We must add that the human background does not necessarily consist of only the person who asked the question; usually it is a matter of an entire community or the public context that the Hakham must take into account. When he issues a decision on a particular question, he also considers the consequences of his decision on wider circles: for example, if he takes a strict position on an issue, the Hakham is not looking only at the specific, immediate situation of the person who asked the question, but he also looks at the ramifications for the entire community, for whom a stringent decision is not always the proper solution, lest it disrupt the balance of Torah principles, damage the fabric of Jewish society, or sometimes even interfere with the spiritual efforts of the person or the community.
Widening the circle of relationships from the individual person who asks a question to the communal sphere brings us to an even broader plane.
3. The Scope of Universality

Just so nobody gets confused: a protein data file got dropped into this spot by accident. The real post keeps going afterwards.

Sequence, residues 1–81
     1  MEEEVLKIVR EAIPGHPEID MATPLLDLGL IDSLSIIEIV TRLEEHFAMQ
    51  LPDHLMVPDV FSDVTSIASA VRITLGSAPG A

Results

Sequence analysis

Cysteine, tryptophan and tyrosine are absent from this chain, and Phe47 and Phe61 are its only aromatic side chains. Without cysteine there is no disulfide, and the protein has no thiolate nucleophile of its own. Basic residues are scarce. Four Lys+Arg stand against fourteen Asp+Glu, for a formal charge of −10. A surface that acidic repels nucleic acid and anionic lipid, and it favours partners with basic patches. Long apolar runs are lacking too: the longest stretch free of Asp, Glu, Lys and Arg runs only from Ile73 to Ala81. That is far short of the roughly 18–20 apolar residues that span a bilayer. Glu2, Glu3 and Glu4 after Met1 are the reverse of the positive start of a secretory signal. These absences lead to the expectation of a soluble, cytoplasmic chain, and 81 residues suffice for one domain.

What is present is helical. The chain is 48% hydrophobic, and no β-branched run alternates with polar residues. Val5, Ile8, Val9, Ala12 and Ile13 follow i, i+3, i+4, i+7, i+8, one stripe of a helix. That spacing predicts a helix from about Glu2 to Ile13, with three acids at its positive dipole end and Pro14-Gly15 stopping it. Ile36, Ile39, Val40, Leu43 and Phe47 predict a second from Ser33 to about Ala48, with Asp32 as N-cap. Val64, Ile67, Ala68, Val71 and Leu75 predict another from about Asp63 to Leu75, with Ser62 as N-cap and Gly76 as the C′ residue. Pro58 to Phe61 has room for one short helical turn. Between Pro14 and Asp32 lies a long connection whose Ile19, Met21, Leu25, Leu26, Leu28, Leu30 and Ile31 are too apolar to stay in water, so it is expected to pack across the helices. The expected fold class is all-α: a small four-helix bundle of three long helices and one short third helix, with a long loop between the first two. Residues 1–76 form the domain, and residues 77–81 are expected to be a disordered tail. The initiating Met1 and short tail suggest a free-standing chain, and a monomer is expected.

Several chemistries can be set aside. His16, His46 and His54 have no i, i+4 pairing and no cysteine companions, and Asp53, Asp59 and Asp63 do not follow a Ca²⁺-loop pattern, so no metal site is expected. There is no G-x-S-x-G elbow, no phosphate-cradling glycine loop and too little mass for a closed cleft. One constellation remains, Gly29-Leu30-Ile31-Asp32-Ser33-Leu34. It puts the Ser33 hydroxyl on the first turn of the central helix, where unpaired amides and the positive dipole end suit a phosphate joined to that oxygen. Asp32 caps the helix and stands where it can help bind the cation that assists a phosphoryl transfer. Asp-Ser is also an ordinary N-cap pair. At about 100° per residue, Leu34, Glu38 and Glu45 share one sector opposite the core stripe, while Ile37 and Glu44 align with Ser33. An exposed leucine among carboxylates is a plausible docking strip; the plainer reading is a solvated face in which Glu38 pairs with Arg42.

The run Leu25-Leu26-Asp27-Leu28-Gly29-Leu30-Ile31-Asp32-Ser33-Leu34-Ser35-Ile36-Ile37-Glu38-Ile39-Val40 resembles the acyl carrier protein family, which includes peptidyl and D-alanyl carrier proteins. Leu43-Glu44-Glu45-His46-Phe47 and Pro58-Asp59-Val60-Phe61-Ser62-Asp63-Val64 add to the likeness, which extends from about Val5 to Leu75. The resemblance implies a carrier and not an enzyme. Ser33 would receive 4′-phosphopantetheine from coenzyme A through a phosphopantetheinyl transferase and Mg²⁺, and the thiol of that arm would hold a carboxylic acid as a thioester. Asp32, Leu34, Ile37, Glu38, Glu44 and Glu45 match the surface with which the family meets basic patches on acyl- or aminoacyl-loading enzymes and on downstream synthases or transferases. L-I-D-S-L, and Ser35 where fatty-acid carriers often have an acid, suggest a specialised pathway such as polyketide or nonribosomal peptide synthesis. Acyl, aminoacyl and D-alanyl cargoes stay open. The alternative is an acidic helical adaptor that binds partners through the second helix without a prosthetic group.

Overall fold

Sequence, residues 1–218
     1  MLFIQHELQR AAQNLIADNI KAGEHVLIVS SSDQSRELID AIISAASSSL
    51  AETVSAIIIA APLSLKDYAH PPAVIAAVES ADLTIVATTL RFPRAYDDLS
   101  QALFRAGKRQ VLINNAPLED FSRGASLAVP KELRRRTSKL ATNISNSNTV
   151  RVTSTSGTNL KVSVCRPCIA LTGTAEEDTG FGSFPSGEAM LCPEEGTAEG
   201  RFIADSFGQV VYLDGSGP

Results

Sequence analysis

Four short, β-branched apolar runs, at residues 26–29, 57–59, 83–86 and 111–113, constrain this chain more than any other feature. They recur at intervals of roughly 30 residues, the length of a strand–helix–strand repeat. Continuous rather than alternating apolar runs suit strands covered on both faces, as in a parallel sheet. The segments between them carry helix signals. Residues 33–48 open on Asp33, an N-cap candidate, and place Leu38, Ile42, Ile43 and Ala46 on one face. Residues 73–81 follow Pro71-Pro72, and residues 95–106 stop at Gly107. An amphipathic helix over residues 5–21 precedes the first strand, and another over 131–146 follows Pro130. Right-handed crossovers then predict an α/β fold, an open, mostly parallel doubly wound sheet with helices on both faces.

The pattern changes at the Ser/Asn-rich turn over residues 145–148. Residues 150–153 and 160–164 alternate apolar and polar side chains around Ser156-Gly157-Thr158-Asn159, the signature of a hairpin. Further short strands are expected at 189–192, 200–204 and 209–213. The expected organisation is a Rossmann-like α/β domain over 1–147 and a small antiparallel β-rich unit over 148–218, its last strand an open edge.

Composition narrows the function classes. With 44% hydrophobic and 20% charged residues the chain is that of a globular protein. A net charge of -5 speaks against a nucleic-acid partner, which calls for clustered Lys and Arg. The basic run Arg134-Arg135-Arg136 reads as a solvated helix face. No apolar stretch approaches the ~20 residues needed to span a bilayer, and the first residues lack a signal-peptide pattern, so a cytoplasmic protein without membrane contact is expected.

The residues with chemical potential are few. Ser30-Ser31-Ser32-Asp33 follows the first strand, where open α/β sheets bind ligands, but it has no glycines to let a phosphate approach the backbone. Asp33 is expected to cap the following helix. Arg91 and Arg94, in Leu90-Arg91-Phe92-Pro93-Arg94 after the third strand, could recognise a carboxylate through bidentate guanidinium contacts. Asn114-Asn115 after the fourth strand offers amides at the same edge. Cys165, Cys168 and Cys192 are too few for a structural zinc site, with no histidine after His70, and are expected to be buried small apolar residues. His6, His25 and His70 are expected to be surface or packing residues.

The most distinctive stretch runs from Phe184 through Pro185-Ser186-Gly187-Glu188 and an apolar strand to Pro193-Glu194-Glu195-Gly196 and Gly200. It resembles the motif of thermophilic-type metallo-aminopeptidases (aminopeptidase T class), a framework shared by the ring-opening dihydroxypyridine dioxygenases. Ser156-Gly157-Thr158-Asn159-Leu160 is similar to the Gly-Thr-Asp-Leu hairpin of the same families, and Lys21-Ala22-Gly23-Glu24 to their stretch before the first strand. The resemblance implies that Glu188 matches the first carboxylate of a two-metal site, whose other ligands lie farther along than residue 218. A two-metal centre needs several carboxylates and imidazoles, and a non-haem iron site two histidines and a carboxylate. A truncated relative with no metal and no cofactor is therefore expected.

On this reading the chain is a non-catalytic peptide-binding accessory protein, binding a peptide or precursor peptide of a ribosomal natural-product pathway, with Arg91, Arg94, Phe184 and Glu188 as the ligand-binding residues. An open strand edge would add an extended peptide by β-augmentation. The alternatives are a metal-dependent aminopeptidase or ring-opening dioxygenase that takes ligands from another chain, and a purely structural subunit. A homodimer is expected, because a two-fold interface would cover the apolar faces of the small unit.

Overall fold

Sephardic culture throughout the ages developed in concurrence with general culture thus continuing the tradition of the Golden Age of Spain, in which the internal Jewish world recognized the wider world without losing its own uniqueness (see Maimonides' example of perfumers, cooks, and bakers in his letter to the Sages of Lunel [Rav Shilat Edition, Part Two page 502]). The Sephardic Sages of recent generations were aware of current events and changes in the world around them. This is especially true in more recent years, since modernism in its European version arrived in the Eastern lands. The Sephardic reaction to the changes of the new age was quite different from the Ashkenazic response. On the one hand, the educational model of the Sephardic sages approved of general studies, and even considered them as worthy endeavors in addition to basic Jewish education; and in the spirit of this approach, the Sephardic sages did not withdraw from modern society in the way that some Ashkenazic Orthodox elements did. On the other hand, with the deepening of European rule in Muslim countries, the pull towards secular culture was in opposition to tradition; and the response of the Sages to protect the traditions of